London, England (CNN) -- Tuesday marks two years to go until the London 2012 Olympics, the start of what organizing committee chief Sebastian Coe calls "the killing zone" -- the final stretch of an 800-meter race where you can see the finish line but still have to work to get there.
Coe, who won two Olympic gold and two silver medals in track and field, said recently he is preparing for "two very tough years" to make sure London can deliver the Games.
"This is the business end of the race now," he said. "You don't want to make errors, you don't want to make mistakes, you don't want to be off the pace, you want to know all the exit routes and all the strategies. You need to be very alert."
Coe said the Games are "on time and on budget," and he has few concerns that the world economic downturn will have an effect on preparations.
Unlike its sister organization, the Olympic Delivery Authority -- which is responsible for building venues and infrastructure -- the London Organizing Committee of the Olympic and Paralympic Games (LOCOG) is privately funded.
LOCOG has secured more than 85 percent of its hoped-for sponsorship money so far. There are now 34 Olympic sponsors and the committee wants to get more, Coe said, but finding them may be a challenge in the current economic climate.
"This hasn't been easy," he told CNN. "This has been a very, very difficult market. I don't think a Games has probably been delivered in a more taxing economic climate than probably the delivery of the Montreal Games in the early 1970s."
Some of the existing London sponsors have struggled. British Airways has been hurt by more than three weeks of strikes this year by its cabin crews, which threaten further walkouts over a still-unresolved dispute. Another top sponsor, BP, has faced global criticism for its part in and its handling of the Gulf of Mexico oil disaster.
Coe said he has no worries about BP as an Olympic partner and has been under no pressure to rethink its sponsorship.
"Absolutely not," he said. "They are a very valued, trusted, world-class business and I couldn't have wanted more from them," he told CNN.
Olympic venues are taking shape in the Olympic Park, the large site that is regenerating a formerly rundown area of the capital, and the first test events will be staged next May, Coe said.
Tuesday also marks the start of the London 2012 volunteering program. Organizers are looking for more than 70,000 people to staff everything from specialist positions like doctors and scoreboard operators to more general posts like ticket checking and uniform distribution.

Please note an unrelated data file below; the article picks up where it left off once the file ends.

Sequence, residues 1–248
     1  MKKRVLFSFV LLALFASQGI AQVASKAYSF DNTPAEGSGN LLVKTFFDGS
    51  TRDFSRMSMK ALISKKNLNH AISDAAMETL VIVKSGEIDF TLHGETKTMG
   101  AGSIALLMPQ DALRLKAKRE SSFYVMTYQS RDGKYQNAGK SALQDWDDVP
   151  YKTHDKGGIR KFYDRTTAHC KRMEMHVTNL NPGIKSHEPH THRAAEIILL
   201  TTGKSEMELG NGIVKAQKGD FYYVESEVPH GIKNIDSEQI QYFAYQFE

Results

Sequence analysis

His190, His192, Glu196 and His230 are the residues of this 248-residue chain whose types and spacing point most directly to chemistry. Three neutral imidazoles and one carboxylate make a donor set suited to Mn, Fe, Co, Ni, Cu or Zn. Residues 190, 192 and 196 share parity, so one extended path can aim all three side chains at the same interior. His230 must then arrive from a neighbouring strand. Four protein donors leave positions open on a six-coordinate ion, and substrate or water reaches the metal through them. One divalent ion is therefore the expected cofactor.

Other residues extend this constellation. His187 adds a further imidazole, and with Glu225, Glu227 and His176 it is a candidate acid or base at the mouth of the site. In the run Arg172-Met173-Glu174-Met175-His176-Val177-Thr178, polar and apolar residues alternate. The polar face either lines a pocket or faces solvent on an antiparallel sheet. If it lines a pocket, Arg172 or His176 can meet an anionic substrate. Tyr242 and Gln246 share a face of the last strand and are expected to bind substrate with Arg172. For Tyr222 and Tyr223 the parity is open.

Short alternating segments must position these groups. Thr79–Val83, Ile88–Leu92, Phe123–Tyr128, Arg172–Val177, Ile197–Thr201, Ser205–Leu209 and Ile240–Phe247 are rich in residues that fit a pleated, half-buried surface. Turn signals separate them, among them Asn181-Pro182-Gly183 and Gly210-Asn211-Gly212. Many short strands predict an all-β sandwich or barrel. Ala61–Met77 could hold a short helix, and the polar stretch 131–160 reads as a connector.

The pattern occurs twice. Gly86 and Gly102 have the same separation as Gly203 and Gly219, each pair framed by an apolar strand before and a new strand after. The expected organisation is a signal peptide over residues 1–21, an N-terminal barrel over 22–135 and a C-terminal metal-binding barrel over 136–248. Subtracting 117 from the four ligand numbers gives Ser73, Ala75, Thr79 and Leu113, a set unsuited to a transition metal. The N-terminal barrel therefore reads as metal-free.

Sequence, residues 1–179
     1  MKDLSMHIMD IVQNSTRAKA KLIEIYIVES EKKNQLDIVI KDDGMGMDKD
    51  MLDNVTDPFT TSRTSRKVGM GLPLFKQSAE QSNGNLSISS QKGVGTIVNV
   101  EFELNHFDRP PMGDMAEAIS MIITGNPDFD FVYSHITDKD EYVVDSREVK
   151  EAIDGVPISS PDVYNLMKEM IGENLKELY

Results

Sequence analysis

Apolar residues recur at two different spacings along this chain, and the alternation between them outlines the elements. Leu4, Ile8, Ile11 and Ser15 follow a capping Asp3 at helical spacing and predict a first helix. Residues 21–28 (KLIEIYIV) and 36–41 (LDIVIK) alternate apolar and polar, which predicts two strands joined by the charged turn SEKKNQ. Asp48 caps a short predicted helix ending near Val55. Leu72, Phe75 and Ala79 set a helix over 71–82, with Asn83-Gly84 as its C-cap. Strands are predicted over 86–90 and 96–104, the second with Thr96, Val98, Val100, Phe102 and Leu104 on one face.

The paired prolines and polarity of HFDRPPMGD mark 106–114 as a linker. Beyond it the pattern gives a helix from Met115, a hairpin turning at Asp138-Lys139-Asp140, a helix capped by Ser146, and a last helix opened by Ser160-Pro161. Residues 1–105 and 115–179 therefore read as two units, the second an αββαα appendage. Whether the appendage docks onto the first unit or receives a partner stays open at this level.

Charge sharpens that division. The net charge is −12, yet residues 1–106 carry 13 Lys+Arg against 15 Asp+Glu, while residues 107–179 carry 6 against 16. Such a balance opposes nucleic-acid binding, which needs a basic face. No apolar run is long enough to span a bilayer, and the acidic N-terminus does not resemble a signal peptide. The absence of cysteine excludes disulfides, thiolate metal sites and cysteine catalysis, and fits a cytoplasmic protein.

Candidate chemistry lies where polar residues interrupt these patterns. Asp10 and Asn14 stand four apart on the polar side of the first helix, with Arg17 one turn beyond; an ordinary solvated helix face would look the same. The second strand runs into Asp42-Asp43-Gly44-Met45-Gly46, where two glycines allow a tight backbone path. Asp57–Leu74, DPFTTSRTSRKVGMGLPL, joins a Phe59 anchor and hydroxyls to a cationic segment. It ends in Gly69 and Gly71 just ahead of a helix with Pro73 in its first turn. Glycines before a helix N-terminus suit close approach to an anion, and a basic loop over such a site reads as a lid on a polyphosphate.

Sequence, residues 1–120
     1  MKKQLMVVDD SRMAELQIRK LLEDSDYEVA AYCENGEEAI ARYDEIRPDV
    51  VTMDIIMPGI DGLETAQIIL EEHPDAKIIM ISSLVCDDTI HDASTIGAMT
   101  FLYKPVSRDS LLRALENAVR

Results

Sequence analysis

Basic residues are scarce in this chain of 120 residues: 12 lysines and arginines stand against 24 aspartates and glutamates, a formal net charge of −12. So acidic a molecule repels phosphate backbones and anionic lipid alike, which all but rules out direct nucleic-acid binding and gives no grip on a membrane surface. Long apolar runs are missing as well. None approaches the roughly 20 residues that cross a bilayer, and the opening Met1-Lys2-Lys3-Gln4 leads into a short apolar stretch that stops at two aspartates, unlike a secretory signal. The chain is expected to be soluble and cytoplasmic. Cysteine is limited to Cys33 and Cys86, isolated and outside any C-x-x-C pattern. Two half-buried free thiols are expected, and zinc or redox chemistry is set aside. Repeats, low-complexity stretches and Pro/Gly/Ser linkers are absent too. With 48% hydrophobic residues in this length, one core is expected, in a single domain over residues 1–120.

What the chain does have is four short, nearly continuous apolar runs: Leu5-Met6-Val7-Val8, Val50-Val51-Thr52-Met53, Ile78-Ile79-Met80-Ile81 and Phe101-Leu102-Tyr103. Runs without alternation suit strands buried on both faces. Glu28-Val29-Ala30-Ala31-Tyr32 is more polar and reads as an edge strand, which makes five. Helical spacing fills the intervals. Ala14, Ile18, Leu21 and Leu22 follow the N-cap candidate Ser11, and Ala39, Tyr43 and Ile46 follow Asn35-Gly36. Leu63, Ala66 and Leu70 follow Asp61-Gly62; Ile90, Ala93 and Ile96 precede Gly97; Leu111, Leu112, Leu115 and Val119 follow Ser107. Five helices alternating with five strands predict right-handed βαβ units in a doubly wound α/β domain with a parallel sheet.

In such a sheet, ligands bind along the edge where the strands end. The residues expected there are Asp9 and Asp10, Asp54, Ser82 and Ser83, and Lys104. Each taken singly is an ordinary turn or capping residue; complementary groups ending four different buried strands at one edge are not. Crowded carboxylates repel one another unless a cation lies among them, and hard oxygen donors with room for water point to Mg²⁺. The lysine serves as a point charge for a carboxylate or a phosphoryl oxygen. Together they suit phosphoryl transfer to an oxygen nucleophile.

Members of the International Olympic Committee visited London earlier this month and said transport is one issue that still needs to be fine-tuned. They mentioned London's narrow roads and the huge influx of cars into the city each day and said "creativity" is needed to make sure athletes and those involved in staging the Games can make it to the venues on time.
"I don't think we've ever been coy or naive about this," Coe said about the transportation issues. "We know London is a complex city. It's not based on the standard block or grid system that a lot of other European cities or world cities are, so it comes with its challenges. But actually, one great advantage of London, of course, is we are served very, very well by public transport, and we do have very smart partnerships and people in teams out there to help us figure that out."
Olympic transport officials were in South Africa for the recent World Cup to observe traffic plans there, Coe said.
Solving transportation issues is not on his list of worries, Coe said.
"If you're really pressing me (on worries), it's the things that you have no foresight on," he said, citing as an example the recent worldwide flight chaos caused by ash from an Icelandic volcano. "There are things that are beyond your control that you just don't know about."
In the past year, London 2012 unveiled its Olympic and Paralympic mascots -- one-eyed, futuristic figures designed to excite children about sports. Starting Tuesday, people can purchase the mascots and other Olympic merchandise at the new flagship store, opening at St. Pancras International train station in central London.
Tickets for the Games won't go on sale until next year, and organizers are still figuring out what prices to charge, Coe said. Ticket sales make up nearly a quarter of the organizing committee's budget, and in setting prices, organizers want to maximize their ticket revenue while still making tickets affordable, Coe said.
Coe has always highlighted the legacy he believes the Games will leave for London and the rest of the country, and he said it's something he remains proud of. The Olympic Park regeneration will leave 3,000 new homes, venues for top sporting events, and a large new green space in a former industrialized area.
He described it as "venues that Londoners have never had in a landscape that they wouldn't have risked walking their dogs on in a part of London that has been (a wasteland) for the past 170 years."
In an article published last week, The Economist magazine said the Games "look like an expensive way of refreshing the rundown end of town" and said the park risks being "an expensive flop."
Coe said he still believes the London Games will have lasting benefits.
"For me, the value for money and rate of return on investment, particularly given the fragility of the economy ... is one that I would be very happy to defend, and do," he told reporters Friday. "We have to continue to make very strong arguments that this is a project with national enormity. It's not coming around again in our lifetime."